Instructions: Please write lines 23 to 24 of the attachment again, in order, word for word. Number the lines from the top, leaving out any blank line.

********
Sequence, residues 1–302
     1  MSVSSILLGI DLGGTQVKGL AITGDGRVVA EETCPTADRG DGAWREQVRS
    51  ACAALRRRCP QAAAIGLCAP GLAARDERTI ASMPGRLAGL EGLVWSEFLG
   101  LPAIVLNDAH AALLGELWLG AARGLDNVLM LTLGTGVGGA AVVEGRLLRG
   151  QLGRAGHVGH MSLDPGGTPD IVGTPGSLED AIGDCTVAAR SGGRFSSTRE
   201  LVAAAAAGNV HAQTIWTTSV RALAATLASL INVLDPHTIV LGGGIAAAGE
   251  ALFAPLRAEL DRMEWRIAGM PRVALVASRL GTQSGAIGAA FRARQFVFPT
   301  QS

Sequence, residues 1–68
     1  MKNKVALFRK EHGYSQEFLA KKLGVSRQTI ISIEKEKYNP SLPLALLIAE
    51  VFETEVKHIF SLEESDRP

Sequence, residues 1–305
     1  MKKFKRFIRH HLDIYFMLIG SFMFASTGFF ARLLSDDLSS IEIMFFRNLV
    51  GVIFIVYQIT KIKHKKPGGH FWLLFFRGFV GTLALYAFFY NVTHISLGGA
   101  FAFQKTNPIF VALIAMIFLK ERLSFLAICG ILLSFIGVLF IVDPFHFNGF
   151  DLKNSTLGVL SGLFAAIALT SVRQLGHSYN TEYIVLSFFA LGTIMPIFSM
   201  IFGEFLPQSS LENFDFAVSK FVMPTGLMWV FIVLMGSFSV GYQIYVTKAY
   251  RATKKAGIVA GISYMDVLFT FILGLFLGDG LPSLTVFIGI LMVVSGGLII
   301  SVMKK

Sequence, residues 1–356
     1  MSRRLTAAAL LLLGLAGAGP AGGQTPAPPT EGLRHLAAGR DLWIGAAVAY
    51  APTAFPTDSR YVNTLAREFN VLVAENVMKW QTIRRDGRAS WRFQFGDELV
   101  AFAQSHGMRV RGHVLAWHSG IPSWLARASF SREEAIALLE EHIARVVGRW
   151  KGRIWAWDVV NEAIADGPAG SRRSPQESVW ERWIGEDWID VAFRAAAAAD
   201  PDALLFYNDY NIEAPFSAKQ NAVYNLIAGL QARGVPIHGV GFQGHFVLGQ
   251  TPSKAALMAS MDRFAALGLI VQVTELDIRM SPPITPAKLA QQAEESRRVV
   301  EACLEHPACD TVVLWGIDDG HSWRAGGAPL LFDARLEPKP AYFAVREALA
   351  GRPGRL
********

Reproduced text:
   101  AFAQSHGMRV RGHVLAWHSG IPSWLARASF SREEAIALLE EHIARVVGRW
   151  KGRIWAWDVV NEAIADGPAG SRRSPQESVW ERWIGEDWID VAFRAAAAAD